Target archery

Target archery

Modern competitive archery is governed by the International Archery Federation, abbreviated FITA (Fédération Internationale de Tir à l'Arc). Olympic rules are derived from FITA rules. FITA is the International Olympic Committee's (IOC) recognized governing body for all of archery.

Currently 142 nations are represented by FITA archery governing bodies. The largest of these are the FFTA (French archery federation) with approximately 60,000 members, FITARCO (Italian federation), DSB (German federation), AJAF (All-Japan archery federation), and the GNAS (Grand National Archery Society) of Great Britain, with approximately 30 000 members. In the United States the FITA affiliated governing body is USA Archery (National Archery Association of the United States) which dates to the 1870s, making it the second oldest archery governing body after GNAS, which dates to the 1860s.

Target archery is the most popular form of archery, in which members shoot at non-moving circular targets at varying distances. All types of bow - longbow, barebow, recurve and compound - can be used. In Great Britain, Imperial rounds, measured in yards, are still used for a lot of tournaments and these have slightly different rules to FITA (metric) rounds, which are used internationally. Archers are divided into seniors and juniors, with juniors being those under the age of 18.


Archery competitions may be held indoors or outdoors. Indoor rounds are normally shot at one distance, whereas outdoor competitions normally consist of several distances. For lists of tournament rounds, see section entitled "Tournament Rounds".Since archery involves the use of potentially lethal equipment, much attention is paid to order and safety. All competitors must wait for the command to start shooting and are not allowed to collect arrows while other people are shooting. These rules apply to all forms of target archery. Other rules, or points of etiquette, include:
* The command "Fast" means stop shooting immediately and return the unshot arrow to the quiver. It is used when the situation becomes suddenly and unexpectedly dangerous
* Do not distract another archer when they are shooting. If an archer is at full draw, wait before taking your place on the shooting line.
* If an archer damages another archer's arrows (or other equipment), they must offer to pay for any damages.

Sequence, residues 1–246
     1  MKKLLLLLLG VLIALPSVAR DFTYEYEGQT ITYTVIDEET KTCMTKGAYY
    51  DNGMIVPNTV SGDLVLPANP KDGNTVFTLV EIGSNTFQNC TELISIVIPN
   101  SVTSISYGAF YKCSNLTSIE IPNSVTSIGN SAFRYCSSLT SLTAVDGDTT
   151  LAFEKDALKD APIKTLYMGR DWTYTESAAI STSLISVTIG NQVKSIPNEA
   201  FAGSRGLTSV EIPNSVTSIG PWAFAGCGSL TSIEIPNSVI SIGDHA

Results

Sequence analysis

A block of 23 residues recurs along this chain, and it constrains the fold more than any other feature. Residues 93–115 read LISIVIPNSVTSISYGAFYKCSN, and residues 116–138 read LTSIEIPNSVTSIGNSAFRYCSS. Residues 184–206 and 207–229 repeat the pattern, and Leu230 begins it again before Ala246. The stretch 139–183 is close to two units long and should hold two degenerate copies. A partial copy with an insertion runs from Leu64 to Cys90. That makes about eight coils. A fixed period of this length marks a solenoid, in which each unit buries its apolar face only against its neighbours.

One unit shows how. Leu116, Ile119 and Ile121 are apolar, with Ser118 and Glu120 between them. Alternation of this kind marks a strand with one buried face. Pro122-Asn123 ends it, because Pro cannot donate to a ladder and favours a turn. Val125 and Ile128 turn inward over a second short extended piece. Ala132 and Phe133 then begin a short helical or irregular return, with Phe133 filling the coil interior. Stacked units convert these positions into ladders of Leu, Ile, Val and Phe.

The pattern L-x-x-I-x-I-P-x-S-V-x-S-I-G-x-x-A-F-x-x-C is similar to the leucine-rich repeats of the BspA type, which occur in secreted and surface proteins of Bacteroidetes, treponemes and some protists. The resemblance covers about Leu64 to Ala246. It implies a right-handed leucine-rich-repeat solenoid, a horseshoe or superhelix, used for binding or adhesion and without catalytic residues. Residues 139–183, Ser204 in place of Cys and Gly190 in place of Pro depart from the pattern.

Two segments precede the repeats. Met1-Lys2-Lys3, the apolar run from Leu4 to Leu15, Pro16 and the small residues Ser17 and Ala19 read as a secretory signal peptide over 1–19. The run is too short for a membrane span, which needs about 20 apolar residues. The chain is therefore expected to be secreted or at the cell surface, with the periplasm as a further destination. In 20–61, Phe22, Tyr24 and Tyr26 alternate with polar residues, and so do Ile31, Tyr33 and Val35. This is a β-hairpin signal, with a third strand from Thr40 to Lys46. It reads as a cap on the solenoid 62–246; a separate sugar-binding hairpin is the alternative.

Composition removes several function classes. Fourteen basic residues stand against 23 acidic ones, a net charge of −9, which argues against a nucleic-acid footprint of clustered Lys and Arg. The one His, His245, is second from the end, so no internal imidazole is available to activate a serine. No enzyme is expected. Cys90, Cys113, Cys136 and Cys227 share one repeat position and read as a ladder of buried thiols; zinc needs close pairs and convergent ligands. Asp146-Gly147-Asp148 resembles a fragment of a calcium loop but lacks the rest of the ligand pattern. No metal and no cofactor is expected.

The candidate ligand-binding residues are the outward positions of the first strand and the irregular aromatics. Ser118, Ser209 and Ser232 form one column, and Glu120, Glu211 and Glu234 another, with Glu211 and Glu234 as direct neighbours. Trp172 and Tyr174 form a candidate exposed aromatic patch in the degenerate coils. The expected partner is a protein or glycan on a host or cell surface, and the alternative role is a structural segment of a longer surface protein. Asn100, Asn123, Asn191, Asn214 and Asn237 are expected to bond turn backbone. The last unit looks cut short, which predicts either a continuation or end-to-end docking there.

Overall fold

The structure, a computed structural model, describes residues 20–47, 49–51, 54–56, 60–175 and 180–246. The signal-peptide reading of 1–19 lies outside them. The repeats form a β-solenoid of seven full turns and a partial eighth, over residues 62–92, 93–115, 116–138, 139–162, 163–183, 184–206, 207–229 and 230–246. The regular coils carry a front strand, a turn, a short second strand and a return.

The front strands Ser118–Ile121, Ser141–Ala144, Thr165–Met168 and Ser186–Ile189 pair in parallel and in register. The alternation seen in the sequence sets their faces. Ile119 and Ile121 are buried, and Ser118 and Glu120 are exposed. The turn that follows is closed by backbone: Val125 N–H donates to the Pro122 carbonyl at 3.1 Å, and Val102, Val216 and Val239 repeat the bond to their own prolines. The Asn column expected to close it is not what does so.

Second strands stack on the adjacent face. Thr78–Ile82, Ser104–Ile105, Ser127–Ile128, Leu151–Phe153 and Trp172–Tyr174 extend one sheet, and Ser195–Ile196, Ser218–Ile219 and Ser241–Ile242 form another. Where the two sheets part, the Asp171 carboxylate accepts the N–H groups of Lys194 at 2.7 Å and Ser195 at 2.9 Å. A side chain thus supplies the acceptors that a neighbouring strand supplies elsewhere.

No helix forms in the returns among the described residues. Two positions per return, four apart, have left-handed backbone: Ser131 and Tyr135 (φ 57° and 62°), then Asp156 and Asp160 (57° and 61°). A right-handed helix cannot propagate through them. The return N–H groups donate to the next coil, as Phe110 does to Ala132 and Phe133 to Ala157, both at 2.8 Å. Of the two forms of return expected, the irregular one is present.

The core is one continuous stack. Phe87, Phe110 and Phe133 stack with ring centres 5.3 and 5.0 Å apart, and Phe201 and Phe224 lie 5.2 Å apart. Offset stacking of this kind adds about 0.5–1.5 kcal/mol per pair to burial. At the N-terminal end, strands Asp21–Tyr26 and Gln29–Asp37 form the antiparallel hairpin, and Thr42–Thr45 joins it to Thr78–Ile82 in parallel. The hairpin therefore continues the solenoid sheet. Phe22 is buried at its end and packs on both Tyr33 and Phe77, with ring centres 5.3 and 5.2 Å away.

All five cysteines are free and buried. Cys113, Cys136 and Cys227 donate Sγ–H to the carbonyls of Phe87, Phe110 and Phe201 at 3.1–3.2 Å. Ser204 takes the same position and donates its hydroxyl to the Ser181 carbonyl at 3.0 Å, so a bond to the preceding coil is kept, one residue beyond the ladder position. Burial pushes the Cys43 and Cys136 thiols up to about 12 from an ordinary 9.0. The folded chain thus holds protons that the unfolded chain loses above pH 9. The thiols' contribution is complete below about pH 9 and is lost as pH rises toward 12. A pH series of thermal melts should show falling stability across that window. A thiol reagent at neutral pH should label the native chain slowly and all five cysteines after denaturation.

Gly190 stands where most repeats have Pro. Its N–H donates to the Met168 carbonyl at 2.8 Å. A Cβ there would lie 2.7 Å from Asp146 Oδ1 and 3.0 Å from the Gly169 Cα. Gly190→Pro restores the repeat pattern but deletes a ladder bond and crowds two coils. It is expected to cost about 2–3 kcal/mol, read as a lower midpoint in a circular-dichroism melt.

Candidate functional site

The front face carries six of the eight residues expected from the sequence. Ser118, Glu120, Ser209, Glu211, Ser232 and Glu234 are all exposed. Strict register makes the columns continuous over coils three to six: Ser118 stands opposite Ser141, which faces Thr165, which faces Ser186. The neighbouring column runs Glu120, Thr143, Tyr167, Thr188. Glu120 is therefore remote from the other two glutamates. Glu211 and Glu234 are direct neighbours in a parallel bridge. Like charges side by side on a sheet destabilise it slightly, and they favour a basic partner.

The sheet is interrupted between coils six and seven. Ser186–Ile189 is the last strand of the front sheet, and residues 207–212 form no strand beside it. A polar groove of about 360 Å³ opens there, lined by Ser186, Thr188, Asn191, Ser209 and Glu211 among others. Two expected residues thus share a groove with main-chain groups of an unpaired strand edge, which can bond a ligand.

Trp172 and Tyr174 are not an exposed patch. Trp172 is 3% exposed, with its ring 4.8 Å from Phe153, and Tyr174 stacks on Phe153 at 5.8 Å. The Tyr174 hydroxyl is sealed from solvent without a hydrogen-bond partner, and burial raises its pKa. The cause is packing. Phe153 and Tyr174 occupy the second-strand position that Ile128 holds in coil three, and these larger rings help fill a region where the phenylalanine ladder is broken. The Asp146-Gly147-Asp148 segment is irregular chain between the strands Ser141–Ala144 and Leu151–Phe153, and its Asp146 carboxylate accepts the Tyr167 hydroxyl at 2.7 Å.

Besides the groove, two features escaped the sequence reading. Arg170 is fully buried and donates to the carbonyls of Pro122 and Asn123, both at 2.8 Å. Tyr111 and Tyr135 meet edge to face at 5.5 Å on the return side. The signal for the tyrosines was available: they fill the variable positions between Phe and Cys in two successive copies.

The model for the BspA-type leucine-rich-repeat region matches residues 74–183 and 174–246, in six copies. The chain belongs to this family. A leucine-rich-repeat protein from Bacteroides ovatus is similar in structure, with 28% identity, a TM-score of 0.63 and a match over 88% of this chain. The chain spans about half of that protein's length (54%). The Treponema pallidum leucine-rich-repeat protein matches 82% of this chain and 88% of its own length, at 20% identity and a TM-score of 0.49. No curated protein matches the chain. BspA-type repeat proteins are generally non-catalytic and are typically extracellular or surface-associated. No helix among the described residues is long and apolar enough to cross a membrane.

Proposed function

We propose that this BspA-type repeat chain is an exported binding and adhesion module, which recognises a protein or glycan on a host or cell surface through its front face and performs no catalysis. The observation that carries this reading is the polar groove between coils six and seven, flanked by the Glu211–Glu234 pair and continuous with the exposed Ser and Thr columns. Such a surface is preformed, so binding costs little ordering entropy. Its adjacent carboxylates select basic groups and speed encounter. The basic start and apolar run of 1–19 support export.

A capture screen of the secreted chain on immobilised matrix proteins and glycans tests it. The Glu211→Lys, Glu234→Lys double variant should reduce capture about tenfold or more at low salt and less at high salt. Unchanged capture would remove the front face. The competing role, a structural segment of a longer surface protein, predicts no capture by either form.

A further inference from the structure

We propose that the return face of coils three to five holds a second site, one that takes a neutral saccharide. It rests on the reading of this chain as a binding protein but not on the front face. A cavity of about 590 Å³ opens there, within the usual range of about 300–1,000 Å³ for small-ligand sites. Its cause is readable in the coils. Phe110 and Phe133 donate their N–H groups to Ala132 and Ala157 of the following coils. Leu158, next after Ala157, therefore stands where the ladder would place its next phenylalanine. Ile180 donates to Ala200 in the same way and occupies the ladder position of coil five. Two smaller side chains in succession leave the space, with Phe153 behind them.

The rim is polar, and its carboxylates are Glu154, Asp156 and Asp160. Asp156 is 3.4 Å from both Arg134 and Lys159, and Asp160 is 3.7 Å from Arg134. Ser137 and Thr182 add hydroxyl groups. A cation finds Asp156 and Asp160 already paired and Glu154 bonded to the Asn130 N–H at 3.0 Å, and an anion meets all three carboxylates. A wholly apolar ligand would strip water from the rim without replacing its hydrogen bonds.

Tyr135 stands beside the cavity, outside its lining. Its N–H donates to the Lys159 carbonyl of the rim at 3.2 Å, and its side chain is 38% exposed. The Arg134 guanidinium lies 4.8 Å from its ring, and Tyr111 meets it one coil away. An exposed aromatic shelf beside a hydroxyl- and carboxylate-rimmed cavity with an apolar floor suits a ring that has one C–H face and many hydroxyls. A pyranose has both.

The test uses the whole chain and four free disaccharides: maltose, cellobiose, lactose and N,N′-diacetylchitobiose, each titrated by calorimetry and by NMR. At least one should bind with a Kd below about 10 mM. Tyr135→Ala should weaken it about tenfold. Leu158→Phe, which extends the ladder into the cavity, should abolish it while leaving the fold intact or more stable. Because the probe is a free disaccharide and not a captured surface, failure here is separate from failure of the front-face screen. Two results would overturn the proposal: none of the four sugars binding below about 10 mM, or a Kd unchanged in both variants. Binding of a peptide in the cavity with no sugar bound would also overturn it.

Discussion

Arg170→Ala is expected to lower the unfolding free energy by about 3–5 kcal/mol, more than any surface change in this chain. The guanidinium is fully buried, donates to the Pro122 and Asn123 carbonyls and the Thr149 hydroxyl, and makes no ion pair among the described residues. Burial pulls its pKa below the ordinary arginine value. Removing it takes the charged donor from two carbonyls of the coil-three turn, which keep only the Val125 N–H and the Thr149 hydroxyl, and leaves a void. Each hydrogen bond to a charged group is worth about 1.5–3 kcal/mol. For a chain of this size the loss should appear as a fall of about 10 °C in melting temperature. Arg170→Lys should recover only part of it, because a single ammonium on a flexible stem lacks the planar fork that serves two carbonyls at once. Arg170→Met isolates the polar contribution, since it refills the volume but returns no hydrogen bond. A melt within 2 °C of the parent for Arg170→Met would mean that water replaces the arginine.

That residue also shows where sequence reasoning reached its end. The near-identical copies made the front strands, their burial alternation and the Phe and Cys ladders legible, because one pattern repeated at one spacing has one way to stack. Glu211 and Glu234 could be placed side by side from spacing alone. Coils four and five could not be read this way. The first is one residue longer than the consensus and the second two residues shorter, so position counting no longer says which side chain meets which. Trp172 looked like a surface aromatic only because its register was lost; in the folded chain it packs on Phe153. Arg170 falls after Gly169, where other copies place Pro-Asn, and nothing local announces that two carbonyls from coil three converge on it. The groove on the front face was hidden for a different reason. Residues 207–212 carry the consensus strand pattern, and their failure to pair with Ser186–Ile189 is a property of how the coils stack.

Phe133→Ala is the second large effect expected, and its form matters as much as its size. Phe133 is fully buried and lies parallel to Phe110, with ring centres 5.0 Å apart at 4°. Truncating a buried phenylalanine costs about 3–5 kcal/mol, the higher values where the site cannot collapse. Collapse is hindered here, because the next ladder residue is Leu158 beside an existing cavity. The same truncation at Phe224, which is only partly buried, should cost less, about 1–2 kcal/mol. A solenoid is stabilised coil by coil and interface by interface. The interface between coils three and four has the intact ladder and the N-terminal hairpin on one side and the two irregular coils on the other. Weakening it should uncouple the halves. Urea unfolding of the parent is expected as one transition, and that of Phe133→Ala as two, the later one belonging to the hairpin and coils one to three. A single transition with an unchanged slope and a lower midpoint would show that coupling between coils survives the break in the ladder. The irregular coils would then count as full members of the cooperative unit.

FITA Rounds (FITA rules)

For FITA rounds, standard indoor distances are 18m and 25m. Outdoor distances range from 30m to 90m for senior archers, with juniors being able to shoot closer distances. In the Olympic Games, 70m is used.

Competition is divided into "ends". An archer shoots either 3 or 6 arrows per end, depending on the type of round. After each end, the competitors walk to the target to score and retrieve their arrows. There are 20 ends of 3 arrows in a standard round of indoor competition (i.e. the FITA 18 or the FITA 25).

Archers have a set time limit in which to shoot their arrows. For indoor competition, under FITA rules this is 2 minutes for 3 arrows. Signaling devices such as lights and flags inform the archers when time is up.

Imperial Rounds (GNAS rules)

For Imperial rounds, the standard indoor distance is 20yds, with 5 dozen arrows being shot in a round known as a Portsmouth round. Outdoor distances range from 40yds to 100yds, for seniors, and 10yds to 80yds for juniors.

Competition is divided into "ends". An archer shoots either 3 arrows per end (indoors) or 6 arrows per end (outdoors). After each end, the competitors walk to the target to score and retrieve their arrows.

At all record status tournaments, archers must adhere to the GNAS dress code, which consists of wearing dark green and white clothing, or 'club colours'. Club colours are those which are unique to a club and registered on the GNAS shooting colour register.

In a tournament, awards are normally split into categories according to sex and, for juniors, age. All registered GNAS archers also have an indoor and an outdoor classification, and classification awards may also be presented - this allows archers to only shoot against those of the same ability.

GNAS Classifications

[Source for tournament rounds: Dave Pritchard and Phil Hale, "Bowmen Of The Tors: Handbook For New Archers" DRP Publications, 2001]


Archery was in the Olympics (and the 1906 Intercalated Games) between 1900, the second modern Olympics, and 1920. The sport was dropped from the program because there were no internationally recognized rules for the sport- each Olympics through 1920 held a different type of event. With the creation of FITA in the 1930's, set international rules were created. However, it was not until 1972 that Archery was re-introduced with the individual event, and in 1988 the team event was added to the program. Further competition rules changes were made for the 1992 Olympic Games which introduced match play to the program.

The only type of bow allowed to be used at Olympic level is the recurve bow. Since the 1984 Games at Los Angeles, South Korea has dominated the women's event. At the Sydney 2000 games, the Korean women won bronze, silver and gold in the individual competition and won gold in the team event. They also won the gold team medals in the 2004 Athens games, and in the 2008 Beijing games. However, recently, China, Chinese Taipei, and Japan have emerged as serious challengers to the domination of the Korean women.

ee also

*field archery
*clout archery
*history of archery

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